Pregnancy and baby

Constipation and soiling in children

If your child doesn't empty their bowels at least three times a week, and their stools (poo) are often hard and difficult to pass, they may be constipated. Their stools may look like little pellets.

Soiled pants can be another sign of constipation, as soft stools (diarrhoea) may leak around the hard, constipated stools.

Causes of children's constipation

Too much milk and too little fibre can cause constipation. It may also suggest that your child is worried or anxious about something.

If your child is constipated, they may find it painful to pass stools. This creates a vicious circle: the more it hurts, the more they hold back, the more constipated they get and the more it hurts. Even if passing a stool isn’t painful, once a child is really constipated, they will stop wanting to go to the toilet altogether.

Treating a constipated child

Ask your health visitor or pharmacist whether a suitable laxative may help. They may be able to suggest other alternatives. If it doesn’t solve the problem quickly, talk to your GP.

The longer your child is constipated, the more difficult it can be for them to get back to normal, so make sure you get help. It may take a while for your doctor's recommended treatments to work, but keep trying until they do.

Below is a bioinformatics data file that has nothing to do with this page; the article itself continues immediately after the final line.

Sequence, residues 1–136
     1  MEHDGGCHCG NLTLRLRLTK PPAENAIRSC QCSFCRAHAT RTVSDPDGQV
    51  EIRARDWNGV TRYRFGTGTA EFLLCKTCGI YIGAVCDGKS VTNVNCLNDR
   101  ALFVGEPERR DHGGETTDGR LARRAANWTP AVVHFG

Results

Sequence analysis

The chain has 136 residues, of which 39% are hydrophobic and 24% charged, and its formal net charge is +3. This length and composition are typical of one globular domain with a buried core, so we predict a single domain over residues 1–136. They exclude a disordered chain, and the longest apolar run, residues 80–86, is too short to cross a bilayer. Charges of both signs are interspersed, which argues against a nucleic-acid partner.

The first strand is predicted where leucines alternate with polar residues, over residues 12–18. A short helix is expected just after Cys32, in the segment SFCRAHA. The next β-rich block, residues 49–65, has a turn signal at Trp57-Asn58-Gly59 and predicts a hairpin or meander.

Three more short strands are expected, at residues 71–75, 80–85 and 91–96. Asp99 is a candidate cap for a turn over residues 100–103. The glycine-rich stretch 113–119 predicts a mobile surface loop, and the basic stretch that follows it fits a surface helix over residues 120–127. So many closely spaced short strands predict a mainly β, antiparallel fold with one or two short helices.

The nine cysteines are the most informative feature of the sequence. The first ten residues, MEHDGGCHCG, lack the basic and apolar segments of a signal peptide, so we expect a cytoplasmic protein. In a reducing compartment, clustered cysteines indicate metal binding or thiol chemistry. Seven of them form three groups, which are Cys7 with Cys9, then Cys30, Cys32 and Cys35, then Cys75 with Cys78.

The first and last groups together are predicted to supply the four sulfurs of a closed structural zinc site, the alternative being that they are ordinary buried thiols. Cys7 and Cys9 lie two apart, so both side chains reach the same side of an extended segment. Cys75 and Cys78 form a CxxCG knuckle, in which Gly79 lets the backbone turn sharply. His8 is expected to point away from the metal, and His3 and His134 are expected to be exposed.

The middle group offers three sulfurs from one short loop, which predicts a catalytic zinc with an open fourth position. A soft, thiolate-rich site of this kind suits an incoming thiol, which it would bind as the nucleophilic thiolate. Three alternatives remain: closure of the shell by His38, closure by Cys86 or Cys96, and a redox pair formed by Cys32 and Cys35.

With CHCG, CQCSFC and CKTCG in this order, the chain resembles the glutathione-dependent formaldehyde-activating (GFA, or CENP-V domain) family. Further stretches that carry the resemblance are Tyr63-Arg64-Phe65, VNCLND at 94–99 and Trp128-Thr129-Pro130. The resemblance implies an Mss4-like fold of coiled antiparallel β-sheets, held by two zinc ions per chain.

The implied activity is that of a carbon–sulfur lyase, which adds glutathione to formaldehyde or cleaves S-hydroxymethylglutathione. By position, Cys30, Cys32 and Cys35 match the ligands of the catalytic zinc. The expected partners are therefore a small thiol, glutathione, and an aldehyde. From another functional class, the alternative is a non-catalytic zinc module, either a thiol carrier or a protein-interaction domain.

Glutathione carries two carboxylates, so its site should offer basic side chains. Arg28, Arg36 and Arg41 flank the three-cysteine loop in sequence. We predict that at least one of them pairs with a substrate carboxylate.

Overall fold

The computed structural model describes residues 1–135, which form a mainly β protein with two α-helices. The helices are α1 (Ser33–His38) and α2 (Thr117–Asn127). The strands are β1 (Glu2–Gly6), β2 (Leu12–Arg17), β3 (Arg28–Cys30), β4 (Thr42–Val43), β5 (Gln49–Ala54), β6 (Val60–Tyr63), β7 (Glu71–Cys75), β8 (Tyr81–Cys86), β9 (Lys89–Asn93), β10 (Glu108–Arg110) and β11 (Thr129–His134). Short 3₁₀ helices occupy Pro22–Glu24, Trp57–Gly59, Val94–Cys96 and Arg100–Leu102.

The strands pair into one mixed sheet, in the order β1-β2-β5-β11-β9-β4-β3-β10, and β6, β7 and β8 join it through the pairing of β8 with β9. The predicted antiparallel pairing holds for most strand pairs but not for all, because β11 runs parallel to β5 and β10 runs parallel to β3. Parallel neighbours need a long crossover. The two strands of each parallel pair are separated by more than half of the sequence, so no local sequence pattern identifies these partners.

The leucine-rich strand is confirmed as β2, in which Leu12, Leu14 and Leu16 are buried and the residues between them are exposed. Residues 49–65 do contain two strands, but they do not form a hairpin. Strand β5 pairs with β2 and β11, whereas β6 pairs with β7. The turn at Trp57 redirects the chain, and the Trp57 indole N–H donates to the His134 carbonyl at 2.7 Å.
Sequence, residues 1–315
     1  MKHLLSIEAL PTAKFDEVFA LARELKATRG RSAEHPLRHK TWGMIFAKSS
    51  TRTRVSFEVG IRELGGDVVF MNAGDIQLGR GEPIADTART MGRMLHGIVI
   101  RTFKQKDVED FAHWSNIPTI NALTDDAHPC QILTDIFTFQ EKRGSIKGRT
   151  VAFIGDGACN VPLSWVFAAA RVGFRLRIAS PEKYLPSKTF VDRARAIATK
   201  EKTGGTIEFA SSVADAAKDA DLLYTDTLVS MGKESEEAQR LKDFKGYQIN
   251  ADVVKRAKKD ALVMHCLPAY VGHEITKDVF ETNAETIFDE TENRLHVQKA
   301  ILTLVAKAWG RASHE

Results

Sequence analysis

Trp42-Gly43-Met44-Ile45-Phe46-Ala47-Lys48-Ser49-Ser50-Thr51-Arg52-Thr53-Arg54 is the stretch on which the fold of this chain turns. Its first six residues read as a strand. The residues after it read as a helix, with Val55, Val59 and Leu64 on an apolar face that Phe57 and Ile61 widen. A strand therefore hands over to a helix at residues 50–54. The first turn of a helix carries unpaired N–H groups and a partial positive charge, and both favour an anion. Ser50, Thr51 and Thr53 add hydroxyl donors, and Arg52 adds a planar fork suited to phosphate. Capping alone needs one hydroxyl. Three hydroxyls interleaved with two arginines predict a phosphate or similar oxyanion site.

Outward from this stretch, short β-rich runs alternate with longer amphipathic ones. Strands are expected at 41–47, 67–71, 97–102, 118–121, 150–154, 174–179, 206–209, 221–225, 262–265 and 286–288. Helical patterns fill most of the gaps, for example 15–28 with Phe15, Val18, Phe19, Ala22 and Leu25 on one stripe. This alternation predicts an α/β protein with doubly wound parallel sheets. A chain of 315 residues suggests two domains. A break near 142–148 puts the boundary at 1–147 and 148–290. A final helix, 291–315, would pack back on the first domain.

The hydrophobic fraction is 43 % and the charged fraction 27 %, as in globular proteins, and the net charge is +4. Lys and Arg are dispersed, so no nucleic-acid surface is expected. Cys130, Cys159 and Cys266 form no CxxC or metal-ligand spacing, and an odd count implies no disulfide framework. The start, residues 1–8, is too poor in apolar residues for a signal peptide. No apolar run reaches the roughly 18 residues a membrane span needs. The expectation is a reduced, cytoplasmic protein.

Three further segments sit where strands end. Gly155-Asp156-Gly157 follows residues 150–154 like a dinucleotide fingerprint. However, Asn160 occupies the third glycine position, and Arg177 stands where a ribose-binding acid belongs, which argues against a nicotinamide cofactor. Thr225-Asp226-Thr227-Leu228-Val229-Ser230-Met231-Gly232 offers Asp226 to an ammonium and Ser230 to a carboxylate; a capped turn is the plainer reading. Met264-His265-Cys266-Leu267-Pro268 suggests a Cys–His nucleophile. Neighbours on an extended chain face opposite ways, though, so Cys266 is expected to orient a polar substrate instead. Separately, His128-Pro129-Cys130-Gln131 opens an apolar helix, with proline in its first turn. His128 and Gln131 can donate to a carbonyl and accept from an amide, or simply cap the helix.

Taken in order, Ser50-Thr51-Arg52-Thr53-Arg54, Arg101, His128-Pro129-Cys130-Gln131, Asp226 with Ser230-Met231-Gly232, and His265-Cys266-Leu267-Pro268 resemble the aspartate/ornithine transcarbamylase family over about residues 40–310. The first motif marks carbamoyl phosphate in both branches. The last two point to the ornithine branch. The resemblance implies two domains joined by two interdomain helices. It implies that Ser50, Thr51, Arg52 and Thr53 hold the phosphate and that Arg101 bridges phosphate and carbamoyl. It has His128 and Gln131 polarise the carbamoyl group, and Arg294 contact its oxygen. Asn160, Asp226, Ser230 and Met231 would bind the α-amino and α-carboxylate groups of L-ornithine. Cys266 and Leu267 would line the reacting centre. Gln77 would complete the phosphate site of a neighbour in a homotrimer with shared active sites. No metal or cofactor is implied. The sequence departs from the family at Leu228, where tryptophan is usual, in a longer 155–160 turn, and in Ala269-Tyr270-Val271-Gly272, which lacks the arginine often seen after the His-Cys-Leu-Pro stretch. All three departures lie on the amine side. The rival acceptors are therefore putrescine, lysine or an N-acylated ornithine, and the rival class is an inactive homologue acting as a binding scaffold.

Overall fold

Helping your child avoid constipation

Diet and exercise for constipation

Once the initial problem has been solved, it’s important to do everything you can to stop it coming back. The best way to avoid constipation is to make sure that your child eats plenty of fibre.

Fruit and vegetables, wholemeal bread or chapattis, wholegrain breakfast cereals, baked beans, frozen peas and sweetcorn are all good sources of fibre and are popular with children. They will also need lots to drink, but don’t give them too much milk or squash, as these can cause constipation. Lots of exercise also helps.

Ease your child's concerns

If changing their diet doesn’t help, try to find out whether anything is upsetting your child. For example, they may be afraid of using the potty. Whatever it is, try to reassure and help them.

This may take some time, but letting your child be with you when you go to the toilet can help. Try to be as relaxed as you can about it. If the problem doesn’t go away, talk to your health visitor or GP again.

You can also contact Education and Resources for Improving Childhood Continence (ERIC) for information.

Page last reviewed: 23/09/2013

Next review due: 23/09/2015

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Media last reviewed: 11/03/2013

Next review due: 11/03/2015

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